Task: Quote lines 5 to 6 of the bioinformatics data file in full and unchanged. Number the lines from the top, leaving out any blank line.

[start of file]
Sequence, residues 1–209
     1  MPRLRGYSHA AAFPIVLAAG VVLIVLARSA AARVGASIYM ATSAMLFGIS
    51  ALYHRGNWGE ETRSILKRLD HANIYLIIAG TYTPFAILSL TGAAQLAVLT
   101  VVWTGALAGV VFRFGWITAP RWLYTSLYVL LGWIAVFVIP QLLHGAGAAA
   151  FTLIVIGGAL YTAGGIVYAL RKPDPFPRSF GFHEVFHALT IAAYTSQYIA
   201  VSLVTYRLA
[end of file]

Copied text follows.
   151  FTLIVIGGAL YTAGGIVYAL RKPDPFPRSF GFHEVFHALT IAAYTSQYIA
   201  VSLVTYRLA